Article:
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Wednesday, December 11, 2013

If You Want to Walk on Water, You've Got to Get Out of the Boat

If You Want to Walk on Water, You've Got to Get Out of the BoatIf You Want to Walk on Water, You've Got to Get Out of the Boat by John Ortberg
My rating: 5 of 5 stars

What a great read! If you want to be motived to serve the Lord and to grow in your faith then this is the book for you. Using the story of Peter walking on the water to Jesus Ortberg teaches lots of practical godly lessons for believers today. I have listed several quotes below that spoke to my heart. I hope they will also encourage you!

There is a consistent pattern in Scripture of what happens in a life that God wants to use and improve:
There is always a call. God asks an ordinary person to engage in an act of extraordinary trust, that of getting out of the boat.
There is always fear. God has an inextinguishable habit of asking people to do things that are scary to them. It may be a fear of inadequacy (“I am slow of speech and slow of tongue,” Moses said). It may be a fear of failure (“The land we explored devours those who live in it,” cried the spies sent out to the Promised Land). It may even be a fear of God (“For I knew you were a hard man, seeking to reap where you did not sow,” claimed the servant in Jesus’ parable). But one way or another, there will be fear.
There is always reassurance. God promises His presence (“The Lord is with you, Mighty Warrior!” an angel assures Gideon who had certainly never been addressed by that title before). God also promises to give whatever gifts are needed to fulfill His assignment (I will help you to speak, and teach you what to say” He tells a stuttering Moses).
There is always a decision. Sometimes, as with Moses and Gideon, people say yes to God’s call. Sometimes, as with the ten frightened spies or the rich young ruler who spoke with Jesus, they say no. But always people must decide.
There is always a changed life. Those who say yes to God’s call don’t walk the walk perfectly – not by a long shot. But because they say yes to God, they learn and grow even from their failures. And they become part of His actions to redeem the world.   ~John Ortberg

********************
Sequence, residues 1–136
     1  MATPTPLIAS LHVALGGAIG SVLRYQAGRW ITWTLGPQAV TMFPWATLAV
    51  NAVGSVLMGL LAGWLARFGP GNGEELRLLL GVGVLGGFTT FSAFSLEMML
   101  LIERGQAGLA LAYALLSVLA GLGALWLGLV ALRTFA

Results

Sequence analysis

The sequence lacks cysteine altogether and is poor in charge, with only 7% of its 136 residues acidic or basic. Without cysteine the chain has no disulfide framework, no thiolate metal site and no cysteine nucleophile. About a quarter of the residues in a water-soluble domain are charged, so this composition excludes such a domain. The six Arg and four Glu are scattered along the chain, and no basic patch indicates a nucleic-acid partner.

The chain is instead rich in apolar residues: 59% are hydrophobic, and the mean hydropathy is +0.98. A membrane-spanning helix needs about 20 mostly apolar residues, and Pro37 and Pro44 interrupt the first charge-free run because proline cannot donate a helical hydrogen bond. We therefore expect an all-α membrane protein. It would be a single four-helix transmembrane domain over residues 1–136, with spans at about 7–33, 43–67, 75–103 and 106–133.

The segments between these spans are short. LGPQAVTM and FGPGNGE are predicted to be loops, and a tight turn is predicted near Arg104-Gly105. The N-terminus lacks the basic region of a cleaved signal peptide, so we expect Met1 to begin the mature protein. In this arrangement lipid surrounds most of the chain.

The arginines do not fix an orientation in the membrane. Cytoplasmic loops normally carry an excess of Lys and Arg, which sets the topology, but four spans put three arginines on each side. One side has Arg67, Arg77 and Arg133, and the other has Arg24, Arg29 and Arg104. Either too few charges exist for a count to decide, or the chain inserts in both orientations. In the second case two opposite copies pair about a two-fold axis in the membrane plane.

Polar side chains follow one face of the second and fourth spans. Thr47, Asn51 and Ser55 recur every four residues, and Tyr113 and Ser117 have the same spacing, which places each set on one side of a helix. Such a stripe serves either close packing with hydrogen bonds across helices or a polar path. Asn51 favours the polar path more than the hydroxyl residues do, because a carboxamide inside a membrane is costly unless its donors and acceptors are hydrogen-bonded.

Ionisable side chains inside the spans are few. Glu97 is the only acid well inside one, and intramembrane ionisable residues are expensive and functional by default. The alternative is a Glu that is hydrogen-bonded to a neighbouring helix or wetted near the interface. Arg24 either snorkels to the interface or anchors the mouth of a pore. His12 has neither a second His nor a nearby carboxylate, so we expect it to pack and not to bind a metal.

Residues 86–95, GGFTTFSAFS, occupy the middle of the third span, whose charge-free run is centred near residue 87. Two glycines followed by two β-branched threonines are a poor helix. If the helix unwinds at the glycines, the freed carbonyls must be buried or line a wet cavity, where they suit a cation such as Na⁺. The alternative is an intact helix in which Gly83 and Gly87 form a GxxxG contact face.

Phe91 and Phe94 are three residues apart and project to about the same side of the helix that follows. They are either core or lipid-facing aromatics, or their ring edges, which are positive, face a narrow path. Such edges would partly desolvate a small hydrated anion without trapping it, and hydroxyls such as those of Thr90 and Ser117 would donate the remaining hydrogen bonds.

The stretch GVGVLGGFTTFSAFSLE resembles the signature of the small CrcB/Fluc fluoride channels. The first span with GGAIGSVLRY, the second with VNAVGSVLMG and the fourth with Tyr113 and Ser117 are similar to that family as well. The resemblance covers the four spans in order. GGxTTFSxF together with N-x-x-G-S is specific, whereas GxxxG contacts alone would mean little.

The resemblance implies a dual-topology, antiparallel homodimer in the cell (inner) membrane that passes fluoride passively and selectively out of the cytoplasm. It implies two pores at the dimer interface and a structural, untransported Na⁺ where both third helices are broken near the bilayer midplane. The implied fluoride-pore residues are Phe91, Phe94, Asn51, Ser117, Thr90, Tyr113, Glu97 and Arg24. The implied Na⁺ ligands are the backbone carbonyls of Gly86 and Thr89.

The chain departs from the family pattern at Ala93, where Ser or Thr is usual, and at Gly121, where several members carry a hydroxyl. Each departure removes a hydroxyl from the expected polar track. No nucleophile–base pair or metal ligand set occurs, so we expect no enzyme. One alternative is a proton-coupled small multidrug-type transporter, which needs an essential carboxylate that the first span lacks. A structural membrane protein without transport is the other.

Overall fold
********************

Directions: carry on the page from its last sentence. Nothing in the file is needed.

David Garland finds a clue in Mark’s version of this story (Peter walking on the water). Mark tells us that Jesus “intended to pass them by” on the water, but when they saw Him walking on the lake, they thought it was a ghost. Why did Jesus want to “pass them by”? Did He decide to race them? Did He want to impress them with a really neat trick?

Garland points out that the verb parerchomai (“to pass by”) is used in the Greek translation of the Old Testament as a technical term to refer to a theophany – those defining moments when God made “striking and temporary appearances in the earthly realm to a select individual or group for the purpose of communicating a message.”

God put Moses in a cleft in a rock so Moses could see “while my glory passes by.” … The Lord passed before him.

God told Elijah to stand on the mountain “for the LORD is about to pass by.”

There is a pattern to these stories. In each case God had to get people’s attention – through a burning bush, or wind and fire, or walking on the water. With each person God was going to call them to do something extraordinary. In each situation the person that God called felt afraid. But every time that people said, “yes” to their calling, they experienced the power of God in their lives.   ~John Ortberg

So let me ask you a question: What’s your boat?

Your boat is whatever represents safety and security to you apart from God Himself. Your boat is whatever you are tempted to put your trust in, especially when life gets a little stormy. Your boat is whatever keeps you so comfortable that you don’t want to give it up even if it’s keeping you from joining Jesus on the waves. Your boat is whatever pulls you away from the high adventure of extreme discipleship.

Want to know what your boat is? Your fear will tell you. Just ask yourself this: What is it that most produces fear in me – especially when I think of leaving it behind and stepping out in faith? ~ John Ortberg

Only Peter knew the glory of walking on the water. He alone knew what it was to attempt to do what he was not capable of doing on his own, then feeling the euphoria of being empowered by God to actually do it.  ~ John Ortberg